Four years after Hurricane Katrina devastated this
historic city, its chefs and restaurant owners have shaken off the
sucker punch and are swinging back stronger than ever.
fact, the New Orleans Metropolitan Convention and Visitors Bureau said
more restaurants are open now than before the fatal storm.
observations are that despite our drop in population from pre-Katrina
numbers, the city reports 1,031 restaurants open today,” said Mary Beth
Romig, director of communications and public relations for the CVB.
“This is more than ever in our city’s history, not just since August
2005.” Romig cites the educated count of restaurants by Tom Fitzmorris
of the nomenu.co
Hurricane Katrina plowed ashore east of New Orleans on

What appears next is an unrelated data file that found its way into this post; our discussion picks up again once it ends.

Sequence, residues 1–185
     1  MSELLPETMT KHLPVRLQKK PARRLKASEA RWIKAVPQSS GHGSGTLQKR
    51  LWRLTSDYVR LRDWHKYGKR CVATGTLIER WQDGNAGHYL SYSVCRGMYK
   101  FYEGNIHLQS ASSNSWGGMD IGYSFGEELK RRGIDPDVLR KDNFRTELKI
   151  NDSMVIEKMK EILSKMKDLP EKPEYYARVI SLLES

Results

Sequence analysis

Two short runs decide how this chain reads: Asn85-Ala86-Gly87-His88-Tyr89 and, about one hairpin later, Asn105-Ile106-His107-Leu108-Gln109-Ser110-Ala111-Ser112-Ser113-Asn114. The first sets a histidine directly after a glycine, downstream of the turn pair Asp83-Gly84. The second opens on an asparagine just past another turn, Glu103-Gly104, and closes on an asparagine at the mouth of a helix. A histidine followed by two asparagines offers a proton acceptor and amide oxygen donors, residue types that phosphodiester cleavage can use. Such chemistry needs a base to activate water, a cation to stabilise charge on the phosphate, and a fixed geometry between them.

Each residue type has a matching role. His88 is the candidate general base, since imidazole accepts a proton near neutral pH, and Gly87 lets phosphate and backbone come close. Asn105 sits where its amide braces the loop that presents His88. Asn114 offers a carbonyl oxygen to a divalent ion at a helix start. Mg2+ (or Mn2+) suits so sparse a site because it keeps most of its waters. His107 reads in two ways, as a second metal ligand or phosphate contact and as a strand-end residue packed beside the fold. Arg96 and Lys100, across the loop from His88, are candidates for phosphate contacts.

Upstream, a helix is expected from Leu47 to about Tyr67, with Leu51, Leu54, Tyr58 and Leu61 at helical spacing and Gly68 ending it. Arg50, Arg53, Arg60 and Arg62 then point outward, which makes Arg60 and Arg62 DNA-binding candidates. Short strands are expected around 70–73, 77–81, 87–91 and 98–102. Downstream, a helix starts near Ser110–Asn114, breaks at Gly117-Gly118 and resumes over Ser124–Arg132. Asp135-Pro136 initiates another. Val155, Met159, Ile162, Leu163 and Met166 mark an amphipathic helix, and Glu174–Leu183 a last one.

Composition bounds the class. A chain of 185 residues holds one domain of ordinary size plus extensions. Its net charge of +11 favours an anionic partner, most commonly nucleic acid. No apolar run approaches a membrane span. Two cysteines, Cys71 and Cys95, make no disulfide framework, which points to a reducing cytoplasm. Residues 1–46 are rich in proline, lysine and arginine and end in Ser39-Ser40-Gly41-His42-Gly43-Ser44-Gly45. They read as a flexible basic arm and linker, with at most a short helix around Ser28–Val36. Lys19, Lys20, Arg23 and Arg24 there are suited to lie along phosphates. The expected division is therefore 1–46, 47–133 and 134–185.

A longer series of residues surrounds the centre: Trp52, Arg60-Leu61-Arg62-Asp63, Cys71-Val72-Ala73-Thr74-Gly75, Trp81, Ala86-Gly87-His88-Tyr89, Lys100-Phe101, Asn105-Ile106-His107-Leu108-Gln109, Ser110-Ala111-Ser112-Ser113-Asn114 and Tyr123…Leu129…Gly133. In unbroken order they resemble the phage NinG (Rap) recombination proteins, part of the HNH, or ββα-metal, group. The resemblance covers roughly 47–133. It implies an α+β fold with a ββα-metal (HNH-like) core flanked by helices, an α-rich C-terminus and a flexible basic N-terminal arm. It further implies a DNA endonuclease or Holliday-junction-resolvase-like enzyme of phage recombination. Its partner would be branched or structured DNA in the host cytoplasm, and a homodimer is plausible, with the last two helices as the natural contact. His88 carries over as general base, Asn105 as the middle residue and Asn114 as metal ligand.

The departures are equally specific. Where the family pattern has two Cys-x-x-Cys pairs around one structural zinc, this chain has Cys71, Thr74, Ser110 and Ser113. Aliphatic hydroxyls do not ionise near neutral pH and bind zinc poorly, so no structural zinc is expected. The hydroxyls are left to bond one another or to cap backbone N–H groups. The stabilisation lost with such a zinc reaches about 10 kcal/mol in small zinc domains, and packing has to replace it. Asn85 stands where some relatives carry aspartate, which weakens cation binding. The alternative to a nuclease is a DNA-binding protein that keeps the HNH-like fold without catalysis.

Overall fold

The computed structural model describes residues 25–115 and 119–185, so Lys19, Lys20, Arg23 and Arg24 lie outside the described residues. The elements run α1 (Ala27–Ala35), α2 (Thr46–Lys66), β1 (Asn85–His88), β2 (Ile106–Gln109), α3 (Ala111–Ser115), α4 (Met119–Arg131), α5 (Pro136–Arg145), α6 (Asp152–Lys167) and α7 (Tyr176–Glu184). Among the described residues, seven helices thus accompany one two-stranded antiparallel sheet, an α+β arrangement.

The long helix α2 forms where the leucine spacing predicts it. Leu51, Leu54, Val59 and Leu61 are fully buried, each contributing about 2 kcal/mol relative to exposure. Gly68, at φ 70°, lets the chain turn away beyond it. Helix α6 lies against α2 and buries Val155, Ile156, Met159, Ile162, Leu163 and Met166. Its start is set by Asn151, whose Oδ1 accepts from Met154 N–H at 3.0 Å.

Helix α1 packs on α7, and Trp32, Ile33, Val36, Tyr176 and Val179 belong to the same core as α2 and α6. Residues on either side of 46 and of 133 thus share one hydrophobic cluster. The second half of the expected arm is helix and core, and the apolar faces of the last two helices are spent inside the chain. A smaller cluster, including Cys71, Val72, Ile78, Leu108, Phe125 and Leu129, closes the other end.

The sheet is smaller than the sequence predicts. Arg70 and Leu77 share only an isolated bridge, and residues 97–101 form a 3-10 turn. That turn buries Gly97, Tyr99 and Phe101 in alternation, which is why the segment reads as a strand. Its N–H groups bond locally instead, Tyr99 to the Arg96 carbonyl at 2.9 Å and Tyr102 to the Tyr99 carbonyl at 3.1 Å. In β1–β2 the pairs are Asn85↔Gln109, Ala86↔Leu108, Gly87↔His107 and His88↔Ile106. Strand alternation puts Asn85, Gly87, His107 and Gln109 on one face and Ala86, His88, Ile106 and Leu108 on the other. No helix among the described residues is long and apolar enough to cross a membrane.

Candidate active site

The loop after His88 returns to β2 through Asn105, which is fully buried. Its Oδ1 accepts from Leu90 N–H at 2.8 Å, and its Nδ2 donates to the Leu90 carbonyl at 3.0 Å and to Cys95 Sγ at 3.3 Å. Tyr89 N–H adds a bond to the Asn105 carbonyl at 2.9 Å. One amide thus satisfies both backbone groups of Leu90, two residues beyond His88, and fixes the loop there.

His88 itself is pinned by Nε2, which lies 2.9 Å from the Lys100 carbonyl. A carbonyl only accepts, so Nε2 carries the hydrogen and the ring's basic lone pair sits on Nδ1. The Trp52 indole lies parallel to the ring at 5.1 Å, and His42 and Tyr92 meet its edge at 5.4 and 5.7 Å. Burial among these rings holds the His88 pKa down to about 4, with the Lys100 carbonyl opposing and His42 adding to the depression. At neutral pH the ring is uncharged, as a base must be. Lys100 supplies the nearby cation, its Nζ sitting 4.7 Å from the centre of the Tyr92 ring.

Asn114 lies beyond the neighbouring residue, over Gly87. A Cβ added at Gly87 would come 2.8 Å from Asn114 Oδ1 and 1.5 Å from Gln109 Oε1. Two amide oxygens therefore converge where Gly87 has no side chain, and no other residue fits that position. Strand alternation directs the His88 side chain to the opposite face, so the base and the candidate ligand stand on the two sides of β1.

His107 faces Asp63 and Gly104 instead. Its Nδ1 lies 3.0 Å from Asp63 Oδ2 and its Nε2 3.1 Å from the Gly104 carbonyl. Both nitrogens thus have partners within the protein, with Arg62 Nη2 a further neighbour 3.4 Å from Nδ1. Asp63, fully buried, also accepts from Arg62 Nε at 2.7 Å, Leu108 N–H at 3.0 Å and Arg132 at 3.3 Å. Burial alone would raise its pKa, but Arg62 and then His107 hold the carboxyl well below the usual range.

Aug. 29, 2005, killing 1,836 people along the Gulf Coast through the
storm surge itself and ensuing weeks of flooding after levees
protecting New Orleans were breached. Damages were in excess of $100
billion, making it the costliest natural disaster in U.S. history.
like boxers shaking off standing eight counts, existing restaurateurs
are expanding with additional eateries, and newcomers are entering the
Donald Link, chef-owner of Herbsaint, has opened the highly touted Cochon and attached Butcher.
John Besh, chef-owner of Restaurant August, has opened several
restaurants, including Luke in the business district, and plans in the
first full week of September to open Domenica with chef-partner Alon
Shaya in the 504-room Hotel Roosevelt. The hotel underwent a $145
million renovation and was re-opened in July by the Hilton Hotel
Corp.’s upscale Waldorf-Astoria portfolio.
Marna Brigtsen bought and reopened the neighborhood staple Charlie’s
Seafood Co. in suburban Harahan, La. Also, chef Scott Boswell, whose Stella!
just received the top-rated fifth bean from the New Orleans
Times-Picayune restaurant reviewer, has enjoyed steady business at his
breakfast-and-sandwich restaurant, Stanley, located in the French
Quarter’s historic Jackson Square.